Designer and stylist Perri Furbert, founder of Gold, The Label, went on Instagram Live to express her gratitude after sales for her new Zion sunglass collection came pouring in through her Shopify store. Within 10 minutes, she says she received over 100 orders. By the 20-minute mark, she crossed $10,000 in sales and by the 40-minute mark, she surpassed $20,000.
From media personality Charlamagne Tha God wearing one of her “Girlfriends” tees on The Breakfast Club to Ayesha Curry cooking in one of her hoodies, Furbert’s brand has been catching the eyes of many celebrities. Gold, The Label has been doing incredibly well and many in the industry are starting to take notice. On the outside looking in, however, it’s easy to assess Furbert’s success as an overnight sensation. This, however, could not be further from the truth.
It’s Called A Come-Up For A Reason
As a self-proclaimed, “ratchet, righteous, dreamer and doer,” the 30-year-old Bermuda-born designer has been grinding hard for over a decade. Born and raised on the Caribbean island known for its beautiful pink sand, Furbert has taken advantage of unique opportunities not often in the grasp of a small island girl.
“I used to customize just about everything growing up, which used to get me into a lot of trouble because I would cut up brand new things. But in an effort to express myself and be unique, I would alter the way things looked. So naturally, when I went to college I did the same thing with shoes. When you’re in a university, you don’t have a whole lot of money to be purchasing. So I would buy cheap shoes and revamp them. One day I decided to make a Facebook album and the response was insane, and so the business started just like that.”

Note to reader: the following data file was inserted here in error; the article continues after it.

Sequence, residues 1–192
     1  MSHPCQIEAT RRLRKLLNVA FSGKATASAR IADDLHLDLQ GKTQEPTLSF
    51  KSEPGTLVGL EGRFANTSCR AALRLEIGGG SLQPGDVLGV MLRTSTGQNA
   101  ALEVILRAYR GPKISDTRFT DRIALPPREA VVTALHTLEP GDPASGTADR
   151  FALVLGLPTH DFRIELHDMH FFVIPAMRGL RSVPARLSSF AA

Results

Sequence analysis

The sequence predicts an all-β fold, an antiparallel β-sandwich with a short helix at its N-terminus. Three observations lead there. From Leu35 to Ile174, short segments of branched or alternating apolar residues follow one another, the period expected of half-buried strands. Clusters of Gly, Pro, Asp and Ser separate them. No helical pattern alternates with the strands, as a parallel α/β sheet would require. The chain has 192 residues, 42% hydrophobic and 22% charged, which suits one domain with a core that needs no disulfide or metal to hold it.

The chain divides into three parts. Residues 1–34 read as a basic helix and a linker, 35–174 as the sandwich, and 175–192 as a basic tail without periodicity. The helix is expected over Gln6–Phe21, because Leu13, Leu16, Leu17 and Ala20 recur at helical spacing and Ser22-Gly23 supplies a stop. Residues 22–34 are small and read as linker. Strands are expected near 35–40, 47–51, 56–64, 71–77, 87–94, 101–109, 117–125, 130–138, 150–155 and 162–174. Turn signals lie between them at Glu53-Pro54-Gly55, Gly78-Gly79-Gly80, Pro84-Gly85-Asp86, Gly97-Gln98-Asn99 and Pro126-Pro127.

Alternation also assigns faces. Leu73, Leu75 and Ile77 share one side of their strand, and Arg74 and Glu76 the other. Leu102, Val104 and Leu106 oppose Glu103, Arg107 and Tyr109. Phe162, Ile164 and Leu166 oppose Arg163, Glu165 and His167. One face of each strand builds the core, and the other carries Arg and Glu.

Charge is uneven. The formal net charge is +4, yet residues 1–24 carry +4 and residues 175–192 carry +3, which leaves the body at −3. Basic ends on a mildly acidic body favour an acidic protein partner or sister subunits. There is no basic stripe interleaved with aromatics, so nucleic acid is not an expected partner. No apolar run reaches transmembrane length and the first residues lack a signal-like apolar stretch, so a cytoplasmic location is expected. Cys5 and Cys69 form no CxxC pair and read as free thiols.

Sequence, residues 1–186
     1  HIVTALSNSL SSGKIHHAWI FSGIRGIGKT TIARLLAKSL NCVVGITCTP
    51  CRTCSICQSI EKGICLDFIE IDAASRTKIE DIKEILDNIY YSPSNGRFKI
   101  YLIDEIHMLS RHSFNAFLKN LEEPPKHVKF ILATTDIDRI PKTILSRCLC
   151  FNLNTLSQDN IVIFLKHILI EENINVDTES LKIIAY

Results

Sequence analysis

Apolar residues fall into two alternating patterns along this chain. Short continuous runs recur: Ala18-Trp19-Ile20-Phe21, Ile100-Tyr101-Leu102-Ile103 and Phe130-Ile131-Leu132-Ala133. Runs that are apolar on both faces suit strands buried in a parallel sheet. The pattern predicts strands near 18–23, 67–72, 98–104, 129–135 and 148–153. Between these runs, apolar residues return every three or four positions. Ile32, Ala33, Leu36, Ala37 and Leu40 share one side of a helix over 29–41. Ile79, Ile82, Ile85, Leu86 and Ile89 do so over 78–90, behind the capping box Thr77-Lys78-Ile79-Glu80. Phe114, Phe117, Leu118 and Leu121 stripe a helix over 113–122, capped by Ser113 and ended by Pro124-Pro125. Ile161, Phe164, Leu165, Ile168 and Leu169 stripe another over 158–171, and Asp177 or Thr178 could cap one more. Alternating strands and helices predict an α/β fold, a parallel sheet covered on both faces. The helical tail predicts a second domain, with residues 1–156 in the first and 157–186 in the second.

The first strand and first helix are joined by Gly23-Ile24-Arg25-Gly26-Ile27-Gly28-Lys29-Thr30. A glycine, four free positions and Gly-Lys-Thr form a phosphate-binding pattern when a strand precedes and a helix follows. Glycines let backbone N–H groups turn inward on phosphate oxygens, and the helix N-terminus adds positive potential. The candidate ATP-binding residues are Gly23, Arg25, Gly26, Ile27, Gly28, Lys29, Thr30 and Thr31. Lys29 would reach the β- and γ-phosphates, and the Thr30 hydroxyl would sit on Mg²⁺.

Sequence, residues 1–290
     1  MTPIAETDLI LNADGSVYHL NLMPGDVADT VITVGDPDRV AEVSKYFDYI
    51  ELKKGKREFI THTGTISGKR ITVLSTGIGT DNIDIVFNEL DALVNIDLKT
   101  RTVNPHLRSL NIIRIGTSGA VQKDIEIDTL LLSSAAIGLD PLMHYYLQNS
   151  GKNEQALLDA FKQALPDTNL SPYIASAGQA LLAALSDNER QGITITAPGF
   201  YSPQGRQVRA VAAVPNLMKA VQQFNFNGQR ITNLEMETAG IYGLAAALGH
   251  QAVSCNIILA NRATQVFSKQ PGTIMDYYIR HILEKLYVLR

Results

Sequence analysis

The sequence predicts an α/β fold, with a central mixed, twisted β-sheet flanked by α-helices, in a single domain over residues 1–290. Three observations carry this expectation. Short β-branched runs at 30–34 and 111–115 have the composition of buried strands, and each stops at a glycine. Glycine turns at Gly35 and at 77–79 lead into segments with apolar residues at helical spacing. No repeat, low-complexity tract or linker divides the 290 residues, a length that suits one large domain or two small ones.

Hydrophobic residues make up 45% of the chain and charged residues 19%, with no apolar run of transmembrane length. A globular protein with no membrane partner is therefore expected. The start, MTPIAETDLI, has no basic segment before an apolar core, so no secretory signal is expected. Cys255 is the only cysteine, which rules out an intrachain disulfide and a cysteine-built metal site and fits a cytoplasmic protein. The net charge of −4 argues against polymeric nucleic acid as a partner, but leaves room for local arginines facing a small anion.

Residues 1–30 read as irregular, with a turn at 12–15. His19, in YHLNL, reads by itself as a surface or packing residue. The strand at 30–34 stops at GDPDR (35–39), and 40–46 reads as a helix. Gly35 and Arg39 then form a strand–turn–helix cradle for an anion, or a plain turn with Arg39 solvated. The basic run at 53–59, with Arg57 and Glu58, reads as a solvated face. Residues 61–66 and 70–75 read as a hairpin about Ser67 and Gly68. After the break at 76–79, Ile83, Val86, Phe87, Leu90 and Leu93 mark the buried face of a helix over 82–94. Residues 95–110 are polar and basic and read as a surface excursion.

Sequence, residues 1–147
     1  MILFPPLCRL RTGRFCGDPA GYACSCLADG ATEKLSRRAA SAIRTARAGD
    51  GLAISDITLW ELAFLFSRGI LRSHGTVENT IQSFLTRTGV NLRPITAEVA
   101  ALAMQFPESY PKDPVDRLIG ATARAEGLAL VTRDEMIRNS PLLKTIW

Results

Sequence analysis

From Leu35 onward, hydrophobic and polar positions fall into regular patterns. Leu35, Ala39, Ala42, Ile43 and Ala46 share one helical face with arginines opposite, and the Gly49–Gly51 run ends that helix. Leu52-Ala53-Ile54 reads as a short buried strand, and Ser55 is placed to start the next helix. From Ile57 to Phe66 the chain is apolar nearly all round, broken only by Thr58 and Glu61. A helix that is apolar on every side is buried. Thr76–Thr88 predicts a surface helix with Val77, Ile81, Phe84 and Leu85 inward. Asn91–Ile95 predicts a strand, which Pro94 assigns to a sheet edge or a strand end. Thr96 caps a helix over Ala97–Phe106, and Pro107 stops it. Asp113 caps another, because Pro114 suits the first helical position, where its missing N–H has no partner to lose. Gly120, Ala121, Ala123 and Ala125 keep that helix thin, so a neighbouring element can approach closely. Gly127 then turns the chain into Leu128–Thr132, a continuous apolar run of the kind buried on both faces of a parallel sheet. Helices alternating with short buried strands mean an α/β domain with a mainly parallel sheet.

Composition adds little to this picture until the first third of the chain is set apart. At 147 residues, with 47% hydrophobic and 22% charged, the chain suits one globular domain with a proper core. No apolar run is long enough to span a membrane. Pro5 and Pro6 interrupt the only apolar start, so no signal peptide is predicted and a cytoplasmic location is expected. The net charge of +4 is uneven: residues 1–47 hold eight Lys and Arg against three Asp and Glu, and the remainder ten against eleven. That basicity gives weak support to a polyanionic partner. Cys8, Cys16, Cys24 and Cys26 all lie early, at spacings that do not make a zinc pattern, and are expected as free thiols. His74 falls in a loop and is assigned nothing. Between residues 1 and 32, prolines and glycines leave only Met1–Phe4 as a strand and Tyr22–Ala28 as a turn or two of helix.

Furbert started revamping shoes for every occasion from birthdays and proms to weddings. Out of her Toronto college apartment at 19 years of age, Gold, The Label was born.
“Who we are is who we’ve always been. I just learned not to fight that early on.”, Perri shared.
Find Your Unique Edge
Furbert’s creative touch isn’t replicable because she pours her unique culture and upbringing into everything that she does. The Bermuda island life married with the fast-paced city living that Toronto provides set the founder apart from others.
“[Bermuda] is very warm — and not just in climate. The people are very warm there. Our homes are very colorful and I feel like that inspiration has really been embedded in me. That warmth, I’m very inspired by it. That’s home. And then the city is completely on the opposite end of the spectrum. It’s fast-paced, it’s very diverse. It’s a melting pot, so you don’t necessarily have to travel the whole world to meet all different kinds of people…being exposed to all of those different cultures at the age of 18 really did inspire me. Having that coupled with the colorfulness of home really was like an amalgamation of something that I wasn’t quite sure what to do with at the time, but it really did come across in the way that I expressed myself and I’m grateful for that experience.”
The city taught Furbert how to hustle, recalling, “Everything’s fast-paced, people are on the move.”
Furbert moved to Toronto to study marketing and found herself styling and designing on the side. “I’m a creative…I’m also a wardrobe stylist, a creative director, literally hashtag etcetera, but designer definitely comes first.”
Launching Sunglasses Isn’t All Sunshine
Furbert has now successfully launched two styles of frames, with her new collection Exodus, launching this Fall. The first of the three to drop was her Judah collection. Unique large D-shaped frames in “Wild Tort” (a brown turquoise shell) and “Cool Frame” (an icy blue), both which had a blue-tinted UV lens.
Her most recent drop was the Zion collection, a mid-sized retro square-framed lens that came in three dope color options—Everyday Onyx (black), Canyon (a rusty brown), and Poolscicle (aqua). After some stellar launch marketing, as soon as they went live, orders poured in, selling out the collection almost immediately. This accomplishment though, wasn’t without it’s trials.
“With the last product drop with the Zion sunglasses, the first samples were completely wrong. The Poolsicle shade, which is an aqua blue with a duck egg temple over the ear…the blue was completely off. They looked like tourist sunglasses…but you have to pay for each sample and that’s a process.”, Furbert recalls.